And he recently caught our attention by surfacing this chart of the change in annual Real Value Added to the US economy, a metric that hadn't been on our radar beforehand. This has been a reliable indicator of recession in the US for nearly 70 years, and is now signaling that we've likely already entered one:

Couple Lance's indicators with those of our other expert, Grant Williams, portfolio advisor at Vulpes Investment Management and co-founder of Real Vision TV. Grant and the team at Real Vision recently issued their latest Killer Charts series, which adds validation and additional weight to Lance's warnings.

First off, Grant and his team see similar technical signs of "exhaustion" in the S&P 500 and predict lower prices ahead:

Note that they don't just expect the S&P to correct slightly and then continuing powering higher. Other indicators they track, like the equities-vs-commodities ratio, strongly suggests a bubble peak for the S&P. From here they predict a secular bear trend for stocks (possibly paired with a new bull trend in commodities):

And like Lance, Grant sees signs that the US economy is poised to slow further...

.. and is likely, as Lance also concludes, tipping into recession:

When smart analysts independently find the same patterns in the data, it's time to take notice.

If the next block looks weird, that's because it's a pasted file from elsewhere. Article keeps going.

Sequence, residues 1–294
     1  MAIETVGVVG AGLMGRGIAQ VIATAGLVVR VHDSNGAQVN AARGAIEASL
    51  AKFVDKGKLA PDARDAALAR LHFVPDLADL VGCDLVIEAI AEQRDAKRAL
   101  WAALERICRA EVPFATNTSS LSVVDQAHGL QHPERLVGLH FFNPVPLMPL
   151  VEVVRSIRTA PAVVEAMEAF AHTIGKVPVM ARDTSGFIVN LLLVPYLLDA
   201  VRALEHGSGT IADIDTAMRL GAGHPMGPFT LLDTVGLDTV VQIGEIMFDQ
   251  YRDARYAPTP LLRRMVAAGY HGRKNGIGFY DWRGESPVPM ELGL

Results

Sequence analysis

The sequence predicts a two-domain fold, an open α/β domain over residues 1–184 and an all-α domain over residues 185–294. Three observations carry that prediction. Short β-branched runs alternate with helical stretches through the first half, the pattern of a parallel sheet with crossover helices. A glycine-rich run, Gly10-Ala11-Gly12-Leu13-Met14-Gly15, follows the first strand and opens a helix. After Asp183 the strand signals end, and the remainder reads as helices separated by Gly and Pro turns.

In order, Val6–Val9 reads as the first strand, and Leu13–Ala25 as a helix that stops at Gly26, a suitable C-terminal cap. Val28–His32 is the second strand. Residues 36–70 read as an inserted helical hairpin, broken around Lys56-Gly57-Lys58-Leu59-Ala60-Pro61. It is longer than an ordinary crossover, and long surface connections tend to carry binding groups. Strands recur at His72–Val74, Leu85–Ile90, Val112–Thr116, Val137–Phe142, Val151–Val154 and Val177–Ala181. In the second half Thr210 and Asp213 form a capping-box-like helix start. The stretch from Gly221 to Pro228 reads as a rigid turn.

The charts above are only a few of the indicators Lance and Grant monitor that are now sending strong cautionary warnings about the near-term prospects for the financial markets and the underlying economy. What other key metrics should we also be tracing closely right now?

To dig much deeper into this, Lance and Grant will be presenting their latest indicators, analysis and forecasts at the Dangerous Markets webinar on September 13th -- where they will take ample questions live from the audience. For more information on the webinar, click here.

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13 Comments

GerrySM's picture
GerrySM
Status: Member (Offline)
Joined: Jun 20 2017
Posts: 8
BBC and Bloomberg know it, but no mention on Peak Prosperity

Both BBC and Bloomberg mentioned that the hurricane disaster was linked to the fact that the atmosphere now has 7% more moisture than in the past, since we are 1 deg C up. Strangely, the "cutting edge" Martenson site does not mention it, and Martenson himself gets interviewed on the hurricane and does not even mention gl0bal w/\rming (I even have to munge the words so as not to trigger your spam filters).

Something stinks in the state of Denmark.

Adam Taggart's picture
Adam Taggart
Status: Peak Prosperity Co-founder (Online)
Joined: May 26 2009
Posts: 2731
Be careful with your style of criticism

GerrySM --

I'd advise a different approach here when submitting critical feedback. Noting that you're a relatively new member here at PeakProsperity.com, I'm offering this in the spirit of increasing your odds for success in getting Chris and/or me to respond in the future.

Chris and I are much more likely to engage with a cooly-presented direct question. "What role, if any, do you think climate change played in contributing to Harvey's potency?" is a fine example.

A good question. One we'd do our best to give a thoughtful answer to.

But we don't respond well to rants, attacks, or petulance -- or all three, as I interpret to be the case with your comment. Whatever the topic, we have no interest in allowing ourselves to be pushed into reacting to every person's pet cause that we may or may not have addressed in our work.